Since the 2013 release of Microsoft Dynamics NAV we have had the ability to manage the server using Windows PowerShell. You can think of PowerShell as Command Prompt on steroids. It gives you the ability, through cmdlets (command-lets) to control lots of aspects of Windows Server and the applications running on it.
What is it For?
You can read a list of all the available cmdlets for NAV here, but the main points are:
- Databases – creating (from a SQL backup .bak file)
- NAV Services – creating, removing, configuring, starting, stopping
- Companies – creating, removing, renaming copying
- Users – creating, removing, configuring
- Permissions – creating, removing, assigning to users
- Support for multitenancy installations – adding, removing, synchronising tenants
But wait, can’t you do all that from either the Server Administration Snap-In or the client itself? Yes, mostly you can. So why bother learning PowerShell? Two reasons (aside from maintaining the mystery of IT):
- Automation – stringing cmdlets together in a script can give you some powerful functionality. Microsoft include sample scripts on the NAV media to automatically:
- Create a new virtual machine in Microsoft Azure
- Upload the NAV media to that server
- Create a new NAV database by restoring the SQL backup from the media
- Install NAV including the server, client, web client and help server
- Return a message with a URL to download a pre-configured Click-Once client for the user to log in with and a second URL to use the web client
- Very powerful stuff and beyond the scope of this post – but well worth investigating at your leisure
- There are some things you can do more easily in PowerShell or that you can’t do in the client
First Things First
First of all let’s open the PowerShell environment. NAV installs what it calls the “Microsoft Dynamics NAV Administration Shell”. This is a PowerShell prompt which loads the NAV cmdlets automatically when you open it.
You could use this, but don’t. There is a better way.
Run “PowerShell ISE” instead. The ISE stands for “Integration Scripting Environment”. Running it as administrator will save getting any permissions errors later on. This environment provides intellisense for cmdlet names and parameters, the Command Add-On window with the list of commands and help entering them (View, Show Command Add-On), the ability to debug scripts and much more.
What this environment doesn’t do is load the NAV cmdlets automatically. In order to do that run the Import-Module command and load the Microsoft.Dynamics.Nav.Management.dll file from the server installation – something like this:
Import-Module "C:\Program Files\Microsoft Dynamics NAV\71\Service\Microsoft.Dynamics.Nav.Management.dll"
Hit Refresh in the command window and the available NAV cmdlets will be loaded. You’re now ready to start firing some commands to the NAV server.
Type “NAV” in the Name box of the Command Add-On to filter the cmdlets to show NAV commands.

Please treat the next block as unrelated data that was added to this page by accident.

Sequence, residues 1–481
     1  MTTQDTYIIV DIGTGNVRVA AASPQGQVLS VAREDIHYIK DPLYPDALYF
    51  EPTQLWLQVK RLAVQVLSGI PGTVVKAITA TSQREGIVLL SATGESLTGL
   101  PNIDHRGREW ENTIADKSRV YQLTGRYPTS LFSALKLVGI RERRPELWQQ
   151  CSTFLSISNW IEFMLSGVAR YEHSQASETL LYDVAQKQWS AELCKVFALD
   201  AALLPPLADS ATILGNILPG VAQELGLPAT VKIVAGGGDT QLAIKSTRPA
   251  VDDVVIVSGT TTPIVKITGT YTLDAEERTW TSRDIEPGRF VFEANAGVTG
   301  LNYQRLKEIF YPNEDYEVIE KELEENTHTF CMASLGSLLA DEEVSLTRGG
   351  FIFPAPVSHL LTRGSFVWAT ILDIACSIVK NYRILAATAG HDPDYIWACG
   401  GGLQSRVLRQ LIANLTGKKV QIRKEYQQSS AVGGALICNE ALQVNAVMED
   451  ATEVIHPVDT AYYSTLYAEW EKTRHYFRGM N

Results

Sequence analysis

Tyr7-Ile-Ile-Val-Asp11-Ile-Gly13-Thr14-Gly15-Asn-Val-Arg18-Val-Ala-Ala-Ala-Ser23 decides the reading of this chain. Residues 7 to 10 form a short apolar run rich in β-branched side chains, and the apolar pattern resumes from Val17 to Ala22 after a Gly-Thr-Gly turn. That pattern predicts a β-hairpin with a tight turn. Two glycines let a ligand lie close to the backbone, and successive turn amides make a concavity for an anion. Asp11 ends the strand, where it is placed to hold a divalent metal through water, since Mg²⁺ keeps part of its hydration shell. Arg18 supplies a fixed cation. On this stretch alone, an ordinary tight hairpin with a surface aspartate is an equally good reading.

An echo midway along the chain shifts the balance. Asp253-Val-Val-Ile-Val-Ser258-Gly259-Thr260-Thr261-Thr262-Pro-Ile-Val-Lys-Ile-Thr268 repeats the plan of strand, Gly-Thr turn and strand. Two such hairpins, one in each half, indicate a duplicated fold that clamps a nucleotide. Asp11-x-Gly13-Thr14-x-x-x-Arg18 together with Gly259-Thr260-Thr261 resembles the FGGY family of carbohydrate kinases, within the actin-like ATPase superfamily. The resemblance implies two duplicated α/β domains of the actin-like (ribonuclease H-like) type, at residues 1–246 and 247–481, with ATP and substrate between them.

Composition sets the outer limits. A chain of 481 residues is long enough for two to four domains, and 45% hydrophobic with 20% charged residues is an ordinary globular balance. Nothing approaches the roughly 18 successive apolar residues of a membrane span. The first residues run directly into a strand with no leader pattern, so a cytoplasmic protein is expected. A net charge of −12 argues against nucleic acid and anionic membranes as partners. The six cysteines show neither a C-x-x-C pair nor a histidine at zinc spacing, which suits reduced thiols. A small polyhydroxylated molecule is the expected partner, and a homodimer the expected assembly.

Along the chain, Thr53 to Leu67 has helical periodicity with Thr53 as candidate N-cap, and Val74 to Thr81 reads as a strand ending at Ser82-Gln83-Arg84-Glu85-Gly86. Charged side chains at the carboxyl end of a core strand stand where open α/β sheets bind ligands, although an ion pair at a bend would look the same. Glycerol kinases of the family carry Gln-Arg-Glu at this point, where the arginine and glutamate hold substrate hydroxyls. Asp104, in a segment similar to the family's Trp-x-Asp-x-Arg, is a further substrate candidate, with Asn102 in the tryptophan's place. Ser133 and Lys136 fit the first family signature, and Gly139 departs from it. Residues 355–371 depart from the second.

The easiest way to enter a command is to select it from the list. The required and optional parameters are displayed underneath and you can enter the values as necessary. The Run button at the bottom will run the selected command while Insert will insert it into the editor.
Nearly all the NAV commands have a ServerInstance required parameter. This tells PowerShell which NAV server you want it to send the command to and hence which NAV database you want to run the command against.
You can find the list of available the server instances from the NAV Administration snap-in (or by running the Get-NAVServerInstance PowerShell command).
A user has received a permission error, let’s say “You do not have permission to read from the Return Reason table”. The user needs this permission to do their work, so you must assign it to them.
But, which permission set do they need? Which permission sets include read permission to that table? A PowerShell cmdlet can help here.
Select Get-NAVServerPermission from the list of commands and you’ll see that there is one required parameter (indicated by the asterisk) and a few optional parameters.
Enter the server instance that the command should be run against (see above).
Optionally you can supply parameters for the object type (TableData in our example, not Table) and the object ID (the Return Reason table is number 6635).
Running this command will return a list of the permission sets in the database that include permissions to this table.
In a demo database, four permission sets include permission to the Return Reason table. These are displayed in a list. Fine if you only have 4 results, but not so easy to read if you have many more.
Format-Table is a useful command that tells PowerShell to return the results in a tabular format instead. To use this you can Insert the command (rather than hitting Run) and including “| Format-Table” on the end e.g.
Get-NavServerPermission –ServerInstance DynamicsNAV71 –objectId 6635 –objectType TableData | Format-Table
Rather than writing out more examples I would recommend that you hook PowerShell up to a demonstration database and experiment with the different cmdlets. MSDN has good documentation for each command with examples of how to use them.
Incidentally, the above assumes that you are running PowerShell ISE on the NAV server itself. You can connect a PowerShell session to the NAV server remotely using Enable-PSRemoting.